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The Cheshire Press (an imprint of The Cheshire Group, Inc)...
One of our newest publications is a wonderful poetry book
titled VIEWPOINTS by Barbara Bulova Brown,.. Not
just for the poetry-lover, VIEWPOINTS is a collection
of a quarter century of Ms Brown’s work, which includes
black and white illustrations of her oil paintings, drawings
and photographs. The author welcomes
the reader to participate in her journey. The book features
an honest account of various moments and thoughts describing
an arc from youth through marriage and widowhood to the present.
Ms Brown treats life’s rewards as well as its trials,
from the irksome to the outrageous, via such topics as childhood,
marriage, home-owning, politics, art, nature, aging, illness
and death. In Dark Musings: In the early lightness of
night/It is not and is a challenge/To see that which you cannot…
Back in the thinning thick/Where woodpeckers knock beak on
bark/Of hollowing over-watered trees…You can order
a copy of this book for yourself or as a gift just
click on this link.
This is the 77th issue of The Better Mousetrap.
We have archived the most recent issues on our web site. It
is easy to review them. Just click
here for the list or go to the Cheshire
Group web site and click on the link that says "Newsletter
YOU DANGLING CARROTS IN FRONT OF CARNIVORES?
the headline for its services, Sibson & Company posed
this question about carrots and carnivores. The ad copy attached
to the headline was complete blather, promising that Sibson
& Company would “help you feed your
top talent and unlock the real value of your business”
but the headline is great. The question is a good one.
Take a few moments to think
If you are in business (and
even if you’re not), it almost goes without saying that
there is something you want someone to do. E.g.: buy your
product, accept your job offer, give you their business, put
more effort, commitment and enthusiasm into working in your
company or your department, exchange a negative attitude for
a position one, do homework assignments—in short, you
want something. What?
Next, ask yourself what you
are doing now to gain that objective. Is your tactic working?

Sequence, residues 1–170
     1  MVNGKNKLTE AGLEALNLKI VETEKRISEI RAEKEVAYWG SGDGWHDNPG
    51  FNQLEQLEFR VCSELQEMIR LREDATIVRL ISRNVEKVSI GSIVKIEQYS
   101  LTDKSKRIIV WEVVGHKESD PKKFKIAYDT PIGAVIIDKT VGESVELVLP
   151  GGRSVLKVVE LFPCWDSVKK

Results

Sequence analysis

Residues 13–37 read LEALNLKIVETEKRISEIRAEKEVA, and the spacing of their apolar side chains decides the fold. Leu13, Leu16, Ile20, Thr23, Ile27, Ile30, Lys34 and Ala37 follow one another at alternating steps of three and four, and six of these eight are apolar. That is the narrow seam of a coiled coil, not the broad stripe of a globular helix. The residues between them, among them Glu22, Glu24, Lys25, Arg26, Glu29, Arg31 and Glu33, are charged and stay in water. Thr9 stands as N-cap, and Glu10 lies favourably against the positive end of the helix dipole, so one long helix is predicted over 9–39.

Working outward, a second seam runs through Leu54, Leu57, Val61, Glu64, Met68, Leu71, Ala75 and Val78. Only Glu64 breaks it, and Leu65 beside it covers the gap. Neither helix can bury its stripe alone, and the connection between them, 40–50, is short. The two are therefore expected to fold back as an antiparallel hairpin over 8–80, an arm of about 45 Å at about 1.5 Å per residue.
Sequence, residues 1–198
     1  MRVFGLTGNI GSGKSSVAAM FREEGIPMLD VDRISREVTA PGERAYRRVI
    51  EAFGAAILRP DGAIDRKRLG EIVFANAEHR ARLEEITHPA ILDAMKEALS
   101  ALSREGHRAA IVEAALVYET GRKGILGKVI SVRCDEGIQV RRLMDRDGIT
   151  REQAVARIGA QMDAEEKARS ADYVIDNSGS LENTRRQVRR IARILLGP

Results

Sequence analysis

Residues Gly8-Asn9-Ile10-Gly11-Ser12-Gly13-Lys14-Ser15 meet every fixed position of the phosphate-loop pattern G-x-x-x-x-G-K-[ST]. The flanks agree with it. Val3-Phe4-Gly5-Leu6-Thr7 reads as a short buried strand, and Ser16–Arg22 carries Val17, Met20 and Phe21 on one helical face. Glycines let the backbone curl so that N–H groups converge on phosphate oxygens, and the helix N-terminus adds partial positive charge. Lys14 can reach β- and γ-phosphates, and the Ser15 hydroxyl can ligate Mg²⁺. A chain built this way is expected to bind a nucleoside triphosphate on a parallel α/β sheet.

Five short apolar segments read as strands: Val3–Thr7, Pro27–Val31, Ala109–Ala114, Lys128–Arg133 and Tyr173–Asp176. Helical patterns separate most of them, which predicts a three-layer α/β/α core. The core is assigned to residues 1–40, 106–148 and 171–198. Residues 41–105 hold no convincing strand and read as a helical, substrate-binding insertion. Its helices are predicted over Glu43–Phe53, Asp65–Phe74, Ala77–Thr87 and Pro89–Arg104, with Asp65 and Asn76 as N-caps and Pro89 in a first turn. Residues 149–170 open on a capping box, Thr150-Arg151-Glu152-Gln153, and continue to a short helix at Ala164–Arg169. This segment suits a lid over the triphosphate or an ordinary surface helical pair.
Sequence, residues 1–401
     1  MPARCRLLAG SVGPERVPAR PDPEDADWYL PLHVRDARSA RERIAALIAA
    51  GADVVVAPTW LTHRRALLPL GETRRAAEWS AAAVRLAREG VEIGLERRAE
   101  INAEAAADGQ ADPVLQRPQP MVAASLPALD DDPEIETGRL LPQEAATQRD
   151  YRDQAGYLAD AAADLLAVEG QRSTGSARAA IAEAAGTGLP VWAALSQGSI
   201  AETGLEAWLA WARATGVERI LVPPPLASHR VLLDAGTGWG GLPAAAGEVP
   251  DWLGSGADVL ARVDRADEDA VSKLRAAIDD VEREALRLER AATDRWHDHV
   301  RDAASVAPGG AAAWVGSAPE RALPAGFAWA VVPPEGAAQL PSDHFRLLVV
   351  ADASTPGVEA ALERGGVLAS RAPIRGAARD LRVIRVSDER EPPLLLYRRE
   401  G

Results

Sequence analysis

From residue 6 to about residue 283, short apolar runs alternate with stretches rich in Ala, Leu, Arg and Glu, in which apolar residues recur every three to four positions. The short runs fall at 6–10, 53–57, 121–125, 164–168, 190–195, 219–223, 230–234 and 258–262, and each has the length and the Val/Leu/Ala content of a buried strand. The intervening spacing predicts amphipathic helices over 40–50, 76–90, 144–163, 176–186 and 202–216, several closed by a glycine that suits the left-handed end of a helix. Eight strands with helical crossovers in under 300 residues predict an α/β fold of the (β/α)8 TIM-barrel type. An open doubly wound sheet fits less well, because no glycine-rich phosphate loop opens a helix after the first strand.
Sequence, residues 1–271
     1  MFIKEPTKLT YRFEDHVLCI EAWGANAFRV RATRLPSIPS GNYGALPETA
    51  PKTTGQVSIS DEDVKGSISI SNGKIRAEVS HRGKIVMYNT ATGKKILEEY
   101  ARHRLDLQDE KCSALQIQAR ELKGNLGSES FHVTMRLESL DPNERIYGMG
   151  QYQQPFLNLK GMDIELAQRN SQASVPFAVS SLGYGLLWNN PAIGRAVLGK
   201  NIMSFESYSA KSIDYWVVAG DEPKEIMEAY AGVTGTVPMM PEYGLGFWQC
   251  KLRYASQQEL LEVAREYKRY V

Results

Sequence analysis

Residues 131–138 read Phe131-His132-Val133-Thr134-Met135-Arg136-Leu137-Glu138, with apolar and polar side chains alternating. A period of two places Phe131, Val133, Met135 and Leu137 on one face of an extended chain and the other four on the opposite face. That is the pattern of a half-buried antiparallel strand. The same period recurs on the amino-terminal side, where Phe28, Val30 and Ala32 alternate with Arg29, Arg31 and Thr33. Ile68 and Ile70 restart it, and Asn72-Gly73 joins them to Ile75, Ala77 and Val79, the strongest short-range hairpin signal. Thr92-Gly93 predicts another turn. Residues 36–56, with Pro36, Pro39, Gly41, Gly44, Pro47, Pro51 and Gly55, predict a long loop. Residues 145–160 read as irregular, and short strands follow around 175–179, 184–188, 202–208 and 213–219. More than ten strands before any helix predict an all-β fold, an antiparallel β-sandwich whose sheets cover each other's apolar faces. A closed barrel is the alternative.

If not, could you be offering
the wrong motivation? Could you could be dangling carrots
in front of carnivores?
Here are some carrots-to-carnivores
“Let’s all give
that extra push to get profits up by the end of the quarter!”
This company has no profit sharing, so it means very little
to the employees whether profits are up or not.
“But you save money when
you switch from AT&T to Sprint!”
When the prospect owns a lot
of AT&T stock, switching to a competitive phone service
“This is your golden opportunity
to learn to play the piano, so you have to practice, practice,
To the kid who is dying to learn
acoustic guitar and play in a rock band, practicing hours
of Schumann and Brahms on the piano is not an attractive substitute.
Before you begin tying a string
to a pretty bunch of fresh carrots, take the time to learn
something about the folks you want to entice. Do they like
carrots? If they don’t care for carrots, you’re
not going to win them. Try a steak.
names are different these days. A new computer company risked
a sort of corporate in-joke by incorporating as F5. (F5 is
the refresh key on the computer keyboard.) Heh-heh.
A drive along America’s
technology highway (Route 128, to you) provides a lexicon
of unfamiliar company names—names
Sometimes companies with solid,
well recognized names shed those names in favor of strange
ones. Examples: Expedx (once the staid and respected Carter-Rice
Paper Co.). Unisource (formerly Rouke-Eno Paper). Carter-Rice
and Rouke-Eno had paper in their names; Expedx and Unisource
could be suppliers of animal fertilizer.
The naming prize, however, should
probably go to Imtx. The brains of this young company assembled
their name from a curious, and meaningless, combination of
letters. Their rationale? To secure imtx as a domain name—and
since no one had dibs on the odd moniker, imtx.com they became.
IT SO THAT YOUR MOTHER CAN UNDERSTAND IT.
Chicago Manual of Style is nearly four inches thick.
Entire college courses are devoted to teaching people
to communicate clearly. Editors wield red pencils in
an effort to make communication
clearer. But perhaps Bill Laberis, a former editor of
ComputerWorld, has the best advice for anyone with something
to communicate. Give it the mommy test, he advises.
Write it so your mother can understand it.
[PostScript: I once attended a lecture hosted by the
witty publisher of a high tech magazine. Wishing to
make a comparative illustration of difficulty, he said,
“It would be like explaining nuclear fusion to
your mother.” There was great laughter in which
I joined. Then I realized that if either of my children
had been in the audience, they would have been splitting
their sides over the idea of explaining nuclear fusion
to me. I stopped laughing.]
FOR WINNING AN ARGUMENT.
an opposer is very attached to a position—and you are
not—back off. It's not worth it."
"A very good way of getting
out of an argument you seem to be losing is to ask something
like, 'What do you think we are arguing about?' Whatever answer
is returned, say, 'Oh, I see. I though you meant something
"Always attack the reasons
for a claim, not the claim itself."
"First Rule for Dealing
With a Fanatic: Don't!"
"The only way to deal with
a nonlistener is with patience and repetition."
"If your opposer says 'Everybody
knows' —and you don't know—then your opposer is
How To Win An Argument, Michael A. Gilbert
John Wiley & Sons
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